After the first privately funded spaceflight June 21, there is now a whole new meaning of “to the moon Alice.”
Reaching over 62 miles above ground, Michael Melvill is the first person to pilot a privately made and funded aircraft into outer space.
That’s freaking cool.
SpaceShipOne was designed by Burt Rutan and cost $20 million to create. And I admit, he kept his hobby pretty well hidden since its conception in 1996.
I never imagined that anyone would go into space apart from NASA – I guess I didn’t even think it was allowed.
And starting next year, anyone with $100,000 can take that same sub-orbital flight.
Mind you, that’s the price of a small home to not even completely orbit around earth – just a trajectory to around 62 miles above earth and fall back down.
If you wanted to fly to the space station you’d have to cough up $20 million like N’Sync singer Lance Bass tried to back in 2002.
So, what does this mean for people on earth?
Well, first off we’re going to have to change all of our catchy sayings like, “I’ll give you the world” and “You mean the world to me,” because they just aren’t going to be big enough.
Second, the word astronaut will be applicable to any person who exceeds 50 miles above ground. Now, you’ll have to spell it with a lowercase “a” because a “proper” Astronaut can only come from NASA (as of right now).
Third, the conspiracy of no one ever going to the moon and that it was just a governmental ploy will be easily dismissed.
Oh the possibilities – I just love thinking about it.
It’s funny to think that two generations from now they will contemplate how we ever existed without space flight, kind of like how the previous generation survived without computers.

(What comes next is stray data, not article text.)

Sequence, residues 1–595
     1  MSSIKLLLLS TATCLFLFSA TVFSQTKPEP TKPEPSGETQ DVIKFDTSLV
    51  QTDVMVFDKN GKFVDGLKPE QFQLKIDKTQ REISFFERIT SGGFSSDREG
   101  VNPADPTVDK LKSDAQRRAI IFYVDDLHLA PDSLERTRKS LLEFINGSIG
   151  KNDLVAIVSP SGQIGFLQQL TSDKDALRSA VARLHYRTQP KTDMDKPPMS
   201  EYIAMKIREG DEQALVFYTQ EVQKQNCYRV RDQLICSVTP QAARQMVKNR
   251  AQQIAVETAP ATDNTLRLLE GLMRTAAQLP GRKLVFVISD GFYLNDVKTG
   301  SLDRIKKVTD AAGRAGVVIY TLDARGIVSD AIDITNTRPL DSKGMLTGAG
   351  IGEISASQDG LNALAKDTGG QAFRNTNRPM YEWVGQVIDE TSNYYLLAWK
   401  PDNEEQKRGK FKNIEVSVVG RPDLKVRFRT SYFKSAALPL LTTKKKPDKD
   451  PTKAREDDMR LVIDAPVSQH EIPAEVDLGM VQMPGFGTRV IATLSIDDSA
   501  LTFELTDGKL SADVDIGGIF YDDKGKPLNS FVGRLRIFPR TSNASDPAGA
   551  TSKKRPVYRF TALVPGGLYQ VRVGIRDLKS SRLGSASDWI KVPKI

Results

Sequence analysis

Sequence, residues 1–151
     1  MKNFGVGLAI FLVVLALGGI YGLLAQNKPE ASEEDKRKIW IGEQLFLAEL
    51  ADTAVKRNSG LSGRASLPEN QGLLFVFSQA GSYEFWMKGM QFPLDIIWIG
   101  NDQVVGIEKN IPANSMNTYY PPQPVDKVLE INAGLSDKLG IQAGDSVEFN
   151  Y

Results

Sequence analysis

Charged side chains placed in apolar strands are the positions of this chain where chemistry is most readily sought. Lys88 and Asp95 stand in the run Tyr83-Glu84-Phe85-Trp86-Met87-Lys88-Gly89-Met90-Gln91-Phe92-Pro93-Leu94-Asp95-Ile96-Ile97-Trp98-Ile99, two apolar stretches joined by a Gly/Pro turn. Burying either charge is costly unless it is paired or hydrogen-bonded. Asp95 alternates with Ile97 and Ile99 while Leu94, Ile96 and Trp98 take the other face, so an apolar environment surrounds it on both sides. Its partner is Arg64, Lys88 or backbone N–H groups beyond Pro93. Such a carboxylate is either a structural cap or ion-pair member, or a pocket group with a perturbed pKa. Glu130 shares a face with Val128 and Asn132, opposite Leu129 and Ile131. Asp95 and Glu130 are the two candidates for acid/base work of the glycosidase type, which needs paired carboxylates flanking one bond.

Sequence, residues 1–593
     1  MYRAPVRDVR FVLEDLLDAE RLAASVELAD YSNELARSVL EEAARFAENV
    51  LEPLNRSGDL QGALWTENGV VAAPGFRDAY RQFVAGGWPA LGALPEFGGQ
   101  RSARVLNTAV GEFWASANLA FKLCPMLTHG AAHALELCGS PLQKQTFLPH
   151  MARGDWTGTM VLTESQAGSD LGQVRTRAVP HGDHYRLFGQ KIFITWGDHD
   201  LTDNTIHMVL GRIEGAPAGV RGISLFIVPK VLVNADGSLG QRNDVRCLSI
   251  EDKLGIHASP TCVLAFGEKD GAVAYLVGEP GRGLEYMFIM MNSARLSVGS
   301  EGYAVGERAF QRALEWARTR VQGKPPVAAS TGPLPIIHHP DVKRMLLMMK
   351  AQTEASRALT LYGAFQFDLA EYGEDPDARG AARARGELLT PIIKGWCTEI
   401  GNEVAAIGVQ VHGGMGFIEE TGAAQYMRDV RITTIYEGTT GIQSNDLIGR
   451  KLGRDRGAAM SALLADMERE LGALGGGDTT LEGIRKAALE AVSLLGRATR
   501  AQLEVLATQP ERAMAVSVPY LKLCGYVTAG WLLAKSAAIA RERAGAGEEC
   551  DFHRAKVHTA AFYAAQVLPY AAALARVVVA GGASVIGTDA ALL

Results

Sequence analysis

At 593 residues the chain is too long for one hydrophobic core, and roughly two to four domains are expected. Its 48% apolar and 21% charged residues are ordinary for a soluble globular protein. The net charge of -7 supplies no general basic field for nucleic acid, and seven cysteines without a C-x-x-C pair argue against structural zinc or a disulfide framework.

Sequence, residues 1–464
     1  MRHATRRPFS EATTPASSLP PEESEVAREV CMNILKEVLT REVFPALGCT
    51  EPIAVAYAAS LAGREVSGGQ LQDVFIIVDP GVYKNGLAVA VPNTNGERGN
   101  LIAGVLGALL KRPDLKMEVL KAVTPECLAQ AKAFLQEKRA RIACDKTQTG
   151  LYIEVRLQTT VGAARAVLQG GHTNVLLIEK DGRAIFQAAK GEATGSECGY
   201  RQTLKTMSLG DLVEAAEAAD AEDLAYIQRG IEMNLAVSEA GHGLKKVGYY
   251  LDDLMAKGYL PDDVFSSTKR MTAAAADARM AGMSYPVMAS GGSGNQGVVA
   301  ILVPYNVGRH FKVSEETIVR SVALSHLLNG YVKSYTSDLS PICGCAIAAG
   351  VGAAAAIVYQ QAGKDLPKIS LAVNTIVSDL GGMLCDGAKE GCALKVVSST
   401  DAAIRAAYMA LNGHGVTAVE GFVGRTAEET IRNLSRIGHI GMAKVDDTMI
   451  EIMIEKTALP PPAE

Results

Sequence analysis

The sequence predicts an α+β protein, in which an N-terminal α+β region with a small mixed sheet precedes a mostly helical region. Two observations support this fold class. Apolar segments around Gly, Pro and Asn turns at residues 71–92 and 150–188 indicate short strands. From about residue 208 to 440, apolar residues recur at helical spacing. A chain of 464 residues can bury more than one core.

And never fear, we haven’t lost our “last frontier,” so Star Trek won’t have to change its opening slogan. And, there won’t be a need for a Fredrick Jackson Turner essay about losing our last true frontier, because space is ever expanding. It’s always getting bigger, therefore there will always be more to explore.
But, as I sit here getting giddy just thinking that I could go to space and actually “see” the world, I can’t help but think of digital cameras. Yes, digital cameras.
I really want one, but it has taken so long for the price to become cheap enough for my standards.
And just like that ubiquitous digital camera, so will be space flight.
$20 million is a lot of money, and I don’t know if I’ll live long enough for the price to be cheap enough for a joe-shmoe like me to travel into space.
On a more serious note, this is a life-changing event I am proud to have experienced.
The 1950s had Sputnik, and now in the 2000s we have SpaceShipOne. We are at the dawn of a new era, as trite at that sounds, because we, as a world, will have access more than just our own planet.
While we won’t be able to visit Pluto personally just yet – it’s a 22 year roundtrip – we have otherworldly opportunities that most of us never imagined we could have.
Growing up we never thought cartoons like The Jetsons would come true. But, you never know.